Also, one of the other things the game does extremely well is the depiction of evil fighting evil. This is not some kind of disinterested “bad guy turned good” story. Instead, it is a complicated tale of the lust for power, the lust for self preservation, and a single character’s willingness to sacrifice himself for someone he loves. And while that last part is redemptive, the game is not sentimental about the harsh lights and darks it paints for the supernatural powers of this world. Goodness is not soft; darkness is unyielding. And there is no “honor among thieves” here. While some level of moral goodness and friendship forms a camaraderie for several of the characters who work for Jackie, evil offers no such common ground.
On top of this, at one point there’s a Roman Catholic funeral that takes no pot shots at the religion at all. It keeps a sense of humor about the fact that these mafia men are also at least nominally religious. In fact, there is a story that Jackie tells at one point during a loading screen where he mentions a priest who came to his orphanage. Immediately he tells you to get your mind out of the gutter because it isn’t “that kind” of story. The game is almost forcefully pushing back against the areas where the media has taken cheap shots at religion by demonizing it or putting its worst side forward.
God, evil, and the Bible are central to a deeper understanding of the main story of The Darkness II. This is very likely due to the game’s rich comic book origins. However, telling a story with both the kind of restraint and fantastic imagination that The Darkness II does is difficult in modern media in general, let alone in video games. Other game developers should look closely at what Digital Extremes did here, both with storytelling and with their approach to religion.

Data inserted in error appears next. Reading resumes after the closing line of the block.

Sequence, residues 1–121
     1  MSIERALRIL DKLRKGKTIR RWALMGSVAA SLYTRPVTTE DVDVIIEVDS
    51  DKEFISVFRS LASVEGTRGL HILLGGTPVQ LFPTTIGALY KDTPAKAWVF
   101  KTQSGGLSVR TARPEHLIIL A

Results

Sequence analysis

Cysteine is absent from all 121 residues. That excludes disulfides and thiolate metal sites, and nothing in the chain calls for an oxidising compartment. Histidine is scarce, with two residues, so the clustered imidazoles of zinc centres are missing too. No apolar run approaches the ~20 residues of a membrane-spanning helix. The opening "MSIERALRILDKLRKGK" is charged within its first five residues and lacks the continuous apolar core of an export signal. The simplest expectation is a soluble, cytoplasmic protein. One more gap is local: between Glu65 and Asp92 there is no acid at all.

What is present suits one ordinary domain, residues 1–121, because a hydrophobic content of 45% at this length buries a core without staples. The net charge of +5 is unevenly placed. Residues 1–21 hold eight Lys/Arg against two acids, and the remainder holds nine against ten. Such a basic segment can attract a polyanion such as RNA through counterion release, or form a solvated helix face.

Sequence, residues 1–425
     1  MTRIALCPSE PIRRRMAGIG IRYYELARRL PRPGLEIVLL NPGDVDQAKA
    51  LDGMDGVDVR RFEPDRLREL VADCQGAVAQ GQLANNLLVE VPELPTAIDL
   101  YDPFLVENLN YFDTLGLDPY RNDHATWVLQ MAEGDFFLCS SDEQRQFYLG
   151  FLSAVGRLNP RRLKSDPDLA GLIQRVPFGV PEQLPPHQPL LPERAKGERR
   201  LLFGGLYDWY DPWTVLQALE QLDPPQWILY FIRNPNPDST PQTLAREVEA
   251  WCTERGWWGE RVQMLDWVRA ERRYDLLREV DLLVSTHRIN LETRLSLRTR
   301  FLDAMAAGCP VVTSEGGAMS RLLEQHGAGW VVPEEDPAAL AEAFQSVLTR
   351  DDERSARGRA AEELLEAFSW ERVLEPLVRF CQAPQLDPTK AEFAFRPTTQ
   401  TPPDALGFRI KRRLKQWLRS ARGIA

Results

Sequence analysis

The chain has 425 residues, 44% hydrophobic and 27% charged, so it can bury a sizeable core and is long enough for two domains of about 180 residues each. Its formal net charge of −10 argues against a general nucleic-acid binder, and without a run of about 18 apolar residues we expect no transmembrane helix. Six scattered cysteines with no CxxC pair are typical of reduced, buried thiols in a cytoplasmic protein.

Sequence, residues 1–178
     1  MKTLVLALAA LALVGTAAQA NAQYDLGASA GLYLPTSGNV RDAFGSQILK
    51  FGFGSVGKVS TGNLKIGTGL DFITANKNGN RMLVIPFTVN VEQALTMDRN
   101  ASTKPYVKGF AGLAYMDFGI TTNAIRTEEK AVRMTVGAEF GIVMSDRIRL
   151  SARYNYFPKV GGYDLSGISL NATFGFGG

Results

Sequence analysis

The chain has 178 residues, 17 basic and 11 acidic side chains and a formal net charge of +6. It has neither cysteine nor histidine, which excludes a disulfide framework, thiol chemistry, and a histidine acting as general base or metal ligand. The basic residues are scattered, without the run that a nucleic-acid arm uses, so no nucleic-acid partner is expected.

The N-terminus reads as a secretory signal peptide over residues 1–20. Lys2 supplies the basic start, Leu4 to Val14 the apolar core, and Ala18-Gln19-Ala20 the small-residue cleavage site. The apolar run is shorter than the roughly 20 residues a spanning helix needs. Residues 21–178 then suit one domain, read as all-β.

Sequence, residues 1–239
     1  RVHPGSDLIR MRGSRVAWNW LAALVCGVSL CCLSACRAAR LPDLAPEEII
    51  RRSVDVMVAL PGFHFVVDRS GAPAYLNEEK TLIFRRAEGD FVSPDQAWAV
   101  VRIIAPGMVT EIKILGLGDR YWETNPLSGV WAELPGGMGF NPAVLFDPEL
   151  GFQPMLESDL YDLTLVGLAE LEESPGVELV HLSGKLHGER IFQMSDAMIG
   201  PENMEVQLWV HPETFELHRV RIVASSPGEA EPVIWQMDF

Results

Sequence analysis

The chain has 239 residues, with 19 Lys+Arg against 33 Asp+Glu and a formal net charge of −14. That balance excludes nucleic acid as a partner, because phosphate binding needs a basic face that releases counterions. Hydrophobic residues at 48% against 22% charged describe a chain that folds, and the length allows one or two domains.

1. One could digress into a discussion here of the Anselmian distinction between the two meanings of the word “nothing” in the Monologion and then make a kind of highbrow theological pun about the fact that what they are in fact stopping at is indeed “nothing” in a kind of Athanasian understanding of non-entity of evil model found in Contra Gentes, but popularized by St. Augustine. But let’s just say that I made that digression, all have a laugh, and then return to the discussion at hand.
2. By this, the game clearly implies that Jesus is the person that Christianity claims He is, i.e. the Son of God and savior of the world. This is done specifically in the description of an artifact that contains a foreskin… yeah.
3. This kind of modification could, of course, be very offensive to some. For those whose view of the Bible is such that the term “inspiration” means “literal historical dictation of events” in a kind of news-reporter style, then any implication that the Bible might be “wrong” is a slight against one of the major tenets of their faith. However, one might argue that what the game is doing is a kind of fantastical Midrash of the Bible, in the same way that a book like “The Assumption of Moses” is. Such a practice is well established in ancient Jewish, Catholic, and Orthodox traditions.